|15 April 1878
|15 July 1954 (aged 76)
|Order of Lenin, USSR State Prize, Hero of Tajikistan
Sadriddin Ayni[a] (Tajik: Садриддин Айнӣ, Persian: صدرالدين عينى, Russian: Садриддин Саидмуродович Саидмуродов; 15 April 1878 – 15 July 1954) was a Tajik intellectual who wrote poetry, fiction, journalism, history, and a dictionary. He is regarded[by whom?] as Tajikistan's national poet and one of the most important writers in the country's history.
Ayni was born into a peasant family in the village of Sāktare in what was then the Emirate of Bukhara (now Gʻijduvon District). His mother Zevar came from the village of Mahalla-i Bālā of Shofirkon tuman (now Bukhara Region of the Republic of Uzbekistan). He became an orphan at 12 and moved to join his older brother in Bukhara, where he attended a Mir-i Arab madrasa and learned to write in Arabic.
Studying in madrasa, Ayni simultaneously worked as a janitor and cook. The future writer was closely acquainted with prominent Bukhara intellectuals, among whom were Sadr-i Ziya, Damulla Ikram and others. Sadriddin Ayni was a participant of the movement of enlighteners - jadids.
An important moment in the life of the future writer was the communication with the workers of the cotton ginning plant at Kızıltepe station, where he worked from September 1915 to April 1916. It was there that he found the heroes of his first novels, published many years later.
But before becoming a writer, before unconditionally and joyfully accepting the October Revolution, Ayni had to pass another moral and physical test.
In April 1917, in front of the Emir's residence in Bukhara, there was a performance by the extreme reactionary forces of the Emirate, mainly representatives of the clergy. Ayni refused to participate in this demonstration of loyalty. For this he was seized at home by furious fanatics and publicly punished: he received 75 blows with sticks. The tormented Ayni was thrown into the grim dungeon that is Obhona Prison. He would have shared the hard fate of many of his fellow citizens, if soon Bolsheviks, whom the Soviet of Workers' and Soldiers' Deputies of Kogon had sent to help the victims of the Emir's terror, had not come to the rescue. On the square in front of the prison a spontaneous rally arose. It was then that Ayni for the first time stood up under the red banner of the revolution.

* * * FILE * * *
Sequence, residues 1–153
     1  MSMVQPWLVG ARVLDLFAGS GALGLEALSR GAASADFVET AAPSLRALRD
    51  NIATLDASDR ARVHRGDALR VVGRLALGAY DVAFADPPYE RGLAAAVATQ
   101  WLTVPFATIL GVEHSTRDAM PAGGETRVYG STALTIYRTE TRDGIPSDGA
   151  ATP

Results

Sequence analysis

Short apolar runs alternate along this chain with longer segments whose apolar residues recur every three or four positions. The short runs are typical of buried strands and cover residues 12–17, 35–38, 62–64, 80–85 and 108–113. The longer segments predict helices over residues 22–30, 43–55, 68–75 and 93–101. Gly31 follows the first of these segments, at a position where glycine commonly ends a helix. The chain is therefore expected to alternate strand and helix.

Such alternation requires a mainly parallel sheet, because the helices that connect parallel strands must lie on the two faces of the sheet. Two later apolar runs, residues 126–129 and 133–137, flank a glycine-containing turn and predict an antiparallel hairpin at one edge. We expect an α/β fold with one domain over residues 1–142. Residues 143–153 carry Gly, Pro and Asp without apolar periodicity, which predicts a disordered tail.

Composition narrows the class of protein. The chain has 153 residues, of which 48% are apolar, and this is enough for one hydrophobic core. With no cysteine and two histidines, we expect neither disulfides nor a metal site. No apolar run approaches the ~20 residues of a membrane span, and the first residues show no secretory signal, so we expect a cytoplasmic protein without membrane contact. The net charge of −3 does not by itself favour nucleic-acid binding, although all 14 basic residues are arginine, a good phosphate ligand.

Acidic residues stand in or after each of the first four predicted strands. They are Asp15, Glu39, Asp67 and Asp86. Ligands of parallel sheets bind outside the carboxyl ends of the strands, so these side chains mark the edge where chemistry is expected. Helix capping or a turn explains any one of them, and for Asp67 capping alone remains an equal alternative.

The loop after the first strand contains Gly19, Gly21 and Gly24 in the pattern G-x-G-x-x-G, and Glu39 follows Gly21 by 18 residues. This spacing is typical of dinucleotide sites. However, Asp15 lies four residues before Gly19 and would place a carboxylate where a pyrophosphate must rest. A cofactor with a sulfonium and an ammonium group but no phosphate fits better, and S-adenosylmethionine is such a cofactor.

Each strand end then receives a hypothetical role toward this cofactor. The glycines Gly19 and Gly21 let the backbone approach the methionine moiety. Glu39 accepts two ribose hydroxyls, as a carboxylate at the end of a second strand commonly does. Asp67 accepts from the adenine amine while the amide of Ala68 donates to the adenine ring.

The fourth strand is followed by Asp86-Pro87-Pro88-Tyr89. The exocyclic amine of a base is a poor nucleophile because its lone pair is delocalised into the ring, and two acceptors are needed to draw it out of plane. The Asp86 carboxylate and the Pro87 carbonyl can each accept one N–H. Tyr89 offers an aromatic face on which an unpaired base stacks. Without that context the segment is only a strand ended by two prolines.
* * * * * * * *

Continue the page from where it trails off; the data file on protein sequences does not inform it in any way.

In the early 1920s, Ayni helped to propagate the Russian Revolution in Uzbekistan and Tajikistan. In 1934, he attended the first Soviet Congress of Writers as the Tajik representative. By purporting national identity in his writings, he was able to escape the Soviet censors that quieted many intellectuals in Central Asia. He was member of the Supreme Soviet of Tajikistan for 20 years, was awarded the Order of Lenin three times, and was the first president of the Academy of Sciences of Tajik SSR. After 1992, his writing helped to bind together a sense of Tajik nationalism that survived the collapse of the Soviet Union.
Ayni gave indigenous Tajik literature in Tajikistan a boost in 1927 by writing Dokhunda, the first Tajikistani novel in the Tajik language. In 1934 and 1935, leading Russian director Lev Kuleshov worked for two years in Tajikistan at a movie based on Dokhunda but the project was regarded with suspicion by the authorities as possibly exciting Tajik nationalism, and stopped. No footage survives. Ayni's four-volume Yoddoshtho (Memoirs), completed 1949-54 are famous and widely read. In 1956, Tajik director Boris (Besion) Kimyagarov (1920–1979) was finally able to get approval for a movie version of Dokhunda.
Ayni's early poems were about love and nature, but after the national awakening in Tajikistan, his subject matter shifted to the dawn of the new age and the working class. His writings often criticized the Amir of Bukhara. Two well-known are The Slave and The Bukhara Executioners.
Ayni died in Dushanbe, the capital of Tajikistan, where a mausoleum stands in his honor.
Ainī, Sadriddin, and John R. Perry. 1998. The sands of Oxus: boyhood reminiscences of Sadriddin Aini. Costa Mesa, Calif: Mazda Publishers.